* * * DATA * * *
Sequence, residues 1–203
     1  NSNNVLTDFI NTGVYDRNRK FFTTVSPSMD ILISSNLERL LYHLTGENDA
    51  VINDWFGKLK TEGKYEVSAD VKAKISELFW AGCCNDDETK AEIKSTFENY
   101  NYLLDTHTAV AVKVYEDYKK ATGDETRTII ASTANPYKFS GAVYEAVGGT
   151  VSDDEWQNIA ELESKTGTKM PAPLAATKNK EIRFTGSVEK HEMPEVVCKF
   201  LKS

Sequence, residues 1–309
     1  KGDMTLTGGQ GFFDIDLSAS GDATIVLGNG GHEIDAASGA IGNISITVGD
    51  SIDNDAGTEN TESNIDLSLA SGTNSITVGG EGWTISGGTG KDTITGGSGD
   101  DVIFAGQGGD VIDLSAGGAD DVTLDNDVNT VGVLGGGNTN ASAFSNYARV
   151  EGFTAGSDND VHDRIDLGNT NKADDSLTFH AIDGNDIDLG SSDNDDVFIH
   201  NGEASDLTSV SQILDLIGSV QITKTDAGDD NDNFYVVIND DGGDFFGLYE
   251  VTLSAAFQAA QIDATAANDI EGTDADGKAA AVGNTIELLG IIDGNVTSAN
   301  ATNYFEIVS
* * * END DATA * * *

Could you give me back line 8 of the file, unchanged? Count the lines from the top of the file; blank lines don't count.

     1  KGDMTLTGGQ GFFDIDLSAS GDATIVLGNG GHEIDAASGA IGNISITVGD